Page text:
Sleep Dealer

Sleep Dealer is a 2008 futuristic science fiction film directed by Alex Rivera.

Sleep Dealer
Sleep dealer.jpg
Promotional film poster
Directed byAlex Rivera
Written byAlex Rivera
David Riker
Produced byAnthony Bregman
StarringLuis Fernando Peña
Leonor Varela
Jacob Vargas
CinematographyLisa Rinzler
Edited byAlex Rivera
Jeffrey M. Werner
Music byTomandandy
Production
companies
Distributed byMaya Entertainment
Release date
Running time
90 minutes
CountriesUnited States
Mexico
LanguagesSpanish
English
Box office$107,559[1]

Sleep Dealer depicts a dystopian future to explore ways in which technology both oppresses and connects migrants.[2] A fortified wall has ended unauthorized Mexico-US immigration, but migrant workers are replaced by robots, remotely controlled by the same class of would-be emigrants. Their life force is inevitably used up, and they are discarded without medical compensation.

PlotEdit

Sleep Dealer is set in a future, militarized world marked by closed borders, virtual labor, and a global digital network that joins minds and experiences, where three strangers risk their lives to connect with each other and break the technology barriers.

Memo Cruz works at a factory, one of several sleep dealers. Here, workers are connected to the network via suspended cables that plug into nodes in their arms and back, allowing them to control the robots that have replaced them as unskilled labor on the other side of the border. The sleep dealers are called so because one may collapse if one works long enough. The story is told as a flashback, as Memo remembers his home in Santa Ana Del Rio, Oaxaca. His father wants him to participate in growing crops on the meager family homestead. Memo's passion, however, is electronics and hacking. The homestead also has dried up because of a dam built nearby and owned by the private corporation Del Rio Water. Memo and his father must trek on foot to buy water by the bag while monitored by security cameras armed with machine guns. The media on American hi-def TV shows glimpses of a technological dystopia, although in a positive light with superficial spin-doctoring. Memo is building an electronic receiver that can tap into communications as a hobby. As he continues to work on it, its range increases to faraway cities.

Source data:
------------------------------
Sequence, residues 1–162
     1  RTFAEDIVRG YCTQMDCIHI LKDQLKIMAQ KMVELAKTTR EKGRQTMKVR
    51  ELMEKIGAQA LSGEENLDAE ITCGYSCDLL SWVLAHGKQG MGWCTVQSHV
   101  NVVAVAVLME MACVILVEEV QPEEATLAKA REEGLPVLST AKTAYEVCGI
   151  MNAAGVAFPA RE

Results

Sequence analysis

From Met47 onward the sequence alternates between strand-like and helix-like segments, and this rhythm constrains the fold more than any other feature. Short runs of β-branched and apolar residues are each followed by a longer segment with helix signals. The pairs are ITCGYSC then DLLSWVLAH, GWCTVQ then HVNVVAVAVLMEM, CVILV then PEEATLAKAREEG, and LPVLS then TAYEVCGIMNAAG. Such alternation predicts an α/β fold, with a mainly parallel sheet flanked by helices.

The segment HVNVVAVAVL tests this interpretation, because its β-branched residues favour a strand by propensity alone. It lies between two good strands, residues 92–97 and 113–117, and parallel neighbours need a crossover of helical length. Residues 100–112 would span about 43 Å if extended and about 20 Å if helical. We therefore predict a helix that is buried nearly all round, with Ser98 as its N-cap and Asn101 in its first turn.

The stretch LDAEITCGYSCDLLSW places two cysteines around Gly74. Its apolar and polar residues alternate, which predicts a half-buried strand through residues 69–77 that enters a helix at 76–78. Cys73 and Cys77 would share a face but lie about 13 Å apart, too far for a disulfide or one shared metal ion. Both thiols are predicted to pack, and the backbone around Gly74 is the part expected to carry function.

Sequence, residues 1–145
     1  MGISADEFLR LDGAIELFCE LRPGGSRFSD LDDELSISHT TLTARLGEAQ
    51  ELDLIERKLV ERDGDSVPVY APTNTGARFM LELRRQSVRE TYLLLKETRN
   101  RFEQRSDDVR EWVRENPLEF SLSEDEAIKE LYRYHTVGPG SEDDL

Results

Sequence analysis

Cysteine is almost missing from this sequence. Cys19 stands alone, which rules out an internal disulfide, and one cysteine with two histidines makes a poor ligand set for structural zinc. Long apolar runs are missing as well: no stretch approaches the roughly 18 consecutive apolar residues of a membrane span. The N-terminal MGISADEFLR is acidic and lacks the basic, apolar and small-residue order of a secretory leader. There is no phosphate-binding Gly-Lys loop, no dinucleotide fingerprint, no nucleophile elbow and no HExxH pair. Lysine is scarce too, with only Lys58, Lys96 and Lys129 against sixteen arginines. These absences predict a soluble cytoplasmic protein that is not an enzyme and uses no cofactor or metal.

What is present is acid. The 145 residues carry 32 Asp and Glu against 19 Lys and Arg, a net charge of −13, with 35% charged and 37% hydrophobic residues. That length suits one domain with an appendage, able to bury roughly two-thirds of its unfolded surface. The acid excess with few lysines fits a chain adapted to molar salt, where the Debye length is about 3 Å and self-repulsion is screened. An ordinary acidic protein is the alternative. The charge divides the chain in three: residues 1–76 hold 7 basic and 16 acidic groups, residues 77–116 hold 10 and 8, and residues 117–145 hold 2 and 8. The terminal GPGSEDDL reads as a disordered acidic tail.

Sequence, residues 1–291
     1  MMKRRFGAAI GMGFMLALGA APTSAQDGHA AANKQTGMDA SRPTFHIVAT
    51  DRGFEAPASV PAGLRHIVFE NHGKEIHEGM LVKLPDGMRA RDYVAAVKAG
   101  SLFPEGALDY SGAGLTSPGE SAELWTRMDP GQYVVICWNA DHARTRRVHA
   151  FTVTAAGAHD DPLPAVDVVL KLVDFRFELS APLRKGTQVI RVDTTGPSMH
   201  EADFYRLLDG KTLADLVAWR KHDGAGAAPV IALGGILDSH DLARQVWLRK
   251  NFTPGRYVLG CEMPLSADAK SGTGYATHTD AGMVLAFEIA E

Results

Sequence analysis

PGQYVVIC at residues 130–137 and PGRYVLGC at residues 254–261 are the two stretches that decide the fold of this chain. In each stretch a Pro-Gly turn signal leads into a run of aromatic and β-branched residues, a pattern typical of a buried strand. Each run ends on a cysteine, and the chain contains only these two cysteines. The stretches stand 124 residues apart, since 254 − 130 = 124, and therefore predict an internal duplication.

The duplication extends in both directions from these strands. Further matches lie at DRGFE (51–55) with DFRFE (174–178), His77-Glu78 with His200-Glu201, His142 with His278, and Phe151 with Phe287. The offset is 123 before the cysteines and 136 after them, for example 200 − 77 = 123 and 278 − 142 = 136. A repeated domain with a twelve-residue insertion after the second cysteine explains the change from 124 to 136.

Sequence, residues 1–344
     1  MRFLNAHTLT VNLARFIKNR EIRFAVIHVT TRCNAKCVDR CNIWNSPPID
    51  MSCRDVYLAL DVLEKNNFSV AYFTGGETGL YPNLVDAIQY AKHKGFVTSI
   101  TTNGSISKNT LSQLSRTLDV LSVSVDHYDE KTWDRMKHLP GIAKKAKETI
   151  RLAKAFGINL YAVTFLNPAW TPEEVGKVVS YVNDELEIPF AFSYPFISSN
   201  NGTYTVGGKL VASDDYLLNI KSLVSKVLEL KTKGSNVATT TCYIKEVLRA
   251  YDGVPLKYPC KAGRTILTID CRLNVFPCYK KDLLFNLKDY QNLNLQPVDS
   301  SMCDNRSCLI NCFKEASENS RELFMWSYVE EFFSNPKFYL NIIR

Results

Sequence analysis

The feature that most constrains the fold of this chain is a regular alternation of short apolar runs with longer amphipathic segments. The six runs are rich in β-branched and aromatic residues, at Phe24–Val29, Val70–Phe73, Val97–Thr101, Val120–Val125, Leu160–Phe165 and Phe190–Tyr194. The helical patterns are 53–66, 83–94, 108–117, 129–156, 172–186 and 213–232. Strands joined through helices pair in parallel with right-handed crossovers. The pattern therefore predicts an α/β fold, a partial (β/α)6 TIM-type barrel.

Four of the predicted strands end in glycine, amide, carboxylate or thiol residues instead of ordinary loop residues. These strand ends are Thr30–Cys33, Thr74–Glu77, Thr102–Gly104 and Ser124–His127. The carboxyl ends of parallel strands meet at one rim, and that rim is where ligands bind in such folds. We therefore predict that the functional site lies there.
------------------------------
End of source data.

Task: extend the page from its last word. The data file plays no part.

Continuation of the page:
One summer, a remote-controlled military aerial vehicle operated by the security forces of Del Rio Water catches Memo monitoring a frequency used by the drones. This act warrants a brutal attack. He disconnects in time before the drone can locate him with certainty. On another occasion, he and his brother watch a live TV broadcast about a drone action that is about to destroy a building known to be intercepting drone communication. They quickly realize that the building is their own home, where Memo has his equipment, and run to save their father, whose life is in danger. However, they are too late, and the vehicle launches a rocket at the father, instantly killing him. The drone pilot is a Mexican-American named Rudy Ramirez. Memo boards a bus to the city of Tijuana to find work.

Luz Martínez also boards the same bus. Memo notices that Luz has nodes on the wrist for interfacing with the digital network and asks her where he can get them for free. She tells him that he can find someone, known as a coyotek, to connect him by asking around in a certain alley. Luz has loans and may default. She makes a living by uploading memories to an online memory trading company, TruNode, where viewers pay for content. She uploads her memory of meeting Memo.